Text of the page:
Friday Feature: Label-less

a pen

SO these are pens.


These are apples.


This. is. salt.


I’m not trying to insult your intelligence. Work with me here

What if these items didn’t have names and we didn’t give things labels.  Would we end up putting salt in our cakes instead of sugar?  Or maybe attempt to write a note with a pen?

Nah! I didn’t think so either. 

Although my Mum has baked two batches of minces pies one Christmas using salt, without having any idea why the pasty was always tasted so salty.  It turned out that the sugar jar and the salt jar were not labeled.  Doh!  We had no mince pies that year! 😦

So there’s an example where labeling things can be a huge advantage- I love my mince pies at Christmas!  But, what about when it comes to peoples beliefs and preferences? Why in today’s society do we feel the need to label everything? 

It seems impossible for a vegetarian to simply just be someone who doesn’t feel the need or has any desire to eat meat.  It seems impossible that someone who only eats fish is just someone who just doesn’t eat fish.  It seems impossible that someone who doesn’t drink cows milk must immediately be looked upon as someone with a intolerance to dairy products.  When the simple fact of the matter is that they just cannot stand the taste of cows milk.


It seems that anything that is not labeled these days doesn’t fit. It’s deemed an anomaly if you cannot give that something a name.  Today’s society seems to get really irate when they cannot put a name to an item, someone’s marital status, a flower or an individuals beliefs.

After defining my dietary preferences the other day as “pescatarian” I thought to myself: Why should I have to define my beliefs?  Why cannot they not just be?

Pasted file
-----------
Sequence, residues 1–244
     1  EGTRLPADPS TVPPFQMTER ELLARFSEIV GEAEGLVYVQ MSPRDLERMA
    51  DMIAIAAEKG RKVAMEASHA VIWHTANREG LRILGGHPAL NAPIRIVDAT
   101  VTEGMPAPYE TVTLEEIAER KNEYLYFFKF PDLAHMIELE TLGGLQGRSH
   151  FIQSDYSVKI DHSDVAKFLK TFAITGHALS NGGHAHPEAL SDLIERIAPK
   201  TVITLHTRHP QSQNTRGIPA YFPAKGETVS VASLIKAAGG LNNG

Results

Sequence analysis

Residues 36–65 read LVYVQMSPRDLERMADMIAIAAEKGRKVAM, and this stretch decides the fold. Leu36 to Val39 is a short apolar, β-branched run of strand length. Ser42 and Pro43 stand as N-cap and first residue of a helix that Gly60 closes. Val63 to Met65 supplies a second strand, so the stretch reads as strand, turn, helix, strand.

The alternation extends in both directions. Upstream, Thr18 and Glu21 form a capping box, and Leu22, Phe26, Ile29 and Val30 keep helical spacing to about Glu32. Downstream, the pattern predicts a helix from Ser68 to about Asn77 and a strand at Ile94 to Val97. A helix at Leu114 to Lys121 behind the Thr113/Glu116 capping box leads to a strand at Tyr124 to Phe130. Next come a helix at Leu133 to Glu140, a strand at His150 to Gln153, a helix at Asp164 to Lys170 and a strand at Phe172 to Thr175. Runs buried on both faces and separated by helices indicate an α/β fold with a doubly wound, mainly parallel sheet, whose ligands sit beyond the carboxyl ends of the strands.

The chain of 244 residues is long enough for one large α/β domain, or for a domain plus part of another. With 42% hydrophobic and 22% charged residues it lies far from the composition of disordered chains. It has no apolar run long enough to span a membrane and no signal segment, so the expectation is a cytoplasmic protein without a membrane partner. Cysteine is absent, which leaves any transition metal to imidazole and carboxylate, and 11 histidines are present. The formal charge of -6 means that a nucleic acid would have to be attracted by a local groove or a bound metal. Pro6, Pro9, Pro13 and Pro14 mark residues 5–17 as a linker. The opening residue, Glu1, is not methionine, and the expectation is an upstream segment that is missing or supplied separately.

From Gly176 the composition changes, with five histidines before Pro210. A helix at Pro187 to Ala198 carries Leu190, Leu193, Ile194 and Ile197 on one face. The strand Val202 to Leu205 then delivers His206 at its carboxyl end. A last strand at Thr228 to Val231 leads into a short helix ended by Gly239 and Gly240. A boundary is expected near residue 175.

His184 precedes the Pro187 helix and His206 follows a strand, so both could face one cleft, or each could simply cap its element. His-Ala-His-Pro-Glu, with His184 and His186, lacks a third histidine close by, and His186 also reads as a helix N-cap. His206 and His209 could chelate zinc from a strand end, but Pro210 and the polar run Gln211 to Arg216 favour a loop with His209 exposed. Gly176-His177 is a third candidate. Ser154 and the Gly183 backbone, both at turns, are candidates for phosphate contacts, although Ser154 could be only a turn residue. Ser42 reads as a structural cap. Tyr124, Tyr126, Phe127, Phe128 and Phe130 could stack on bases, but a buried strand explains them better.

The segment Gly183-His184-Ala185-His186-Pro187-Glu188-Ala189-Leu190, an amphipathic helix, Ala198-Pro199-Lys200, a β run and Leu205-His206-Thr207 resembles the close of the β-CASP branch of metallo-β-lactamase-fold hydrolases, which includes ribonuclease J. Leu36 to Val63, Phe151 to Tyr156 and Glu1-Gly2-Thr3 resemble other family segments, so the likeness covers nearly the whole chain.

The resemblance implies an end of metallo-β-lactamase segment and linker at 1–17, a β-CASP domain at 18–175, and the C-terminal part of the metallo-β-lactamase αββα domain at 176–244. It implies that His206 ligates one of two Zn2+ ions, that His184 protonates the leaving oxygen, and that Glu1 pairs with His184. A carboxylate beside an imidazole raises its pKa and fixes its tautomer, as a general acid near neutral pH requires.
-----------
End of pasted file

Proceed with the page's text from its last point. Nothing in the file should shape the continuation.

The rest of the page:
I always find labeling a a tough subject to be discuss as it really isn’t a black and white topic.  More like red, yellow, purple and everything else in between.  Labels are not just about image or credibility.  Giving something a name is essential in some ways to make sure that you are understood.  When I say that I am a pescatarian the waiter in the restaurant instantly know what that means.  In many cases labels aid communication and stop mishaps like mistaking sugar for salt for instance.  And like a double edged sword sometimes labels can become negative and objectify people.

In my own opinion labeling someone with a belief can instantly create a pressure for that individual.  It gives them something that they perhaps may feel pressurised to live up to and they may begin to make choices that they may not necessarily agree or be comfortable with to conform to the label given to them.


dr seuss

Do you feel the pressure to live up to a label that has been assigned to you by society?

Do you think it is necessary to label peoples beliefs?

Is labeling a negative thing?



Filed under Friday Feature Posts

20 responses to “Friday Feature: Label-less

  1. Interesting post! I definitely think labels can be annoying – I am a “vegetarian” but every once and awhile I do have fish, and I also try to avoid dairy when it makes sense too and only eat organic eggs. There really is no label to define that, it is sort of complicated! I guess that best way to “label” my diet is that I try to eat as cruelty free and healthy as possible!

  2. I think labels can definitely be a negative thing because they’re prescriptive rather than descriptive in a lot of instances. People apply a label to themselves, and feel pressured to act in a way that fits that label, even if it’s not in their best interest. I remember when I called myself a vegan… I was craving dairy and eggs so badly, but I wouldn’t let myself have them for the longest time simply because then it would mean that I could no longer call myself a vegan… so I sacrificed my health for some stupid label that doesn’t mean anything. These days, I don’t call myself anything. I don’t eat meat, but if I ever found myself craving it, I would probably eat it.

  3. Lenna (veganlenna)